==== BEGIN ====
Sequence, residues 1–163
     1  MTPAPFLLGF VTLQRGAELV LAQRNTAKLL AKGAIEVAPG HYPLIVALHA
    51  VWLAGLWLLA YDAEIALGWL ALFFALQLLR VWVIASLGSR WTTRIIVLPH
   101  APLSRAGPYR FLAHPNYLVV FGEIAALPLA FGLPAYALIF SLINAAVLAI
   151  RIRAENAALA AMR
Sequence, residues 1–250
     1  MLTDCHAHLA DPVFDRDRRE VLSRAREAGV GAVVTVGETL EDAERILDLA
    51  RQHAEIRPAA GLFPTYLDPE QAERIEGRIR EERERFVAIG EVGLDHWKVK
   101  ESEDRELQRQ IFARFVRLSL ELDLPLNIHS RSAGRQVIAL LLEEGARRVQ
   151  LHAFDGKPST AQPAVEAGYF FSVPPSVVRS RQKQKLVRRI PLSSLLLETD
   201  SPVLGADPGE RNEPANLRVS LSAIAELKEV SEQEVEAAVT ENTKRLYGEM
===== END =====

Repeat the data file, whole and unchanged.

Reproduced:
Sequence, residues 1–163
     1  MTPAPFLLGF VTLQRGAELV LAQRNTAKLL AKGAIEVAPG HYPLIVALHA
    51  VWLAGLWLLA YDAEIALGWL ALFFALQLLR VWVIASLGSR WTTRIIVLPH
   101  APLSRAGPYR FLAHPNYLVV FGEIAALPLA FGLPAYALIF SLINAAVLAI
   151  RIRAENAALA AMR
Sequence, residues 1–250
     1  MLTDCHAHLA DPVFDRDRRE VLSRAREAGV GAVVTVGETL EDAERILDLA
    51  RQHAEIRPAA GLFPTYLDPE QAERIEGRIR EERERFVAIG EVGLDHWKVK
   101  ESEDRELQRQ IFARFVRLSL ELDLPLNIHS RSAGRQVIAL LLEEGARRVQ
   151  LHAFDGKPST AQPAVEAGYF FSVPPSVVRS RQKQKLVRRI PLSSLLLETD
   201  SPVLGADPGE RNEPANLRVS LSAIAELKEV SEQEVEAAVT ENTKRLYGEM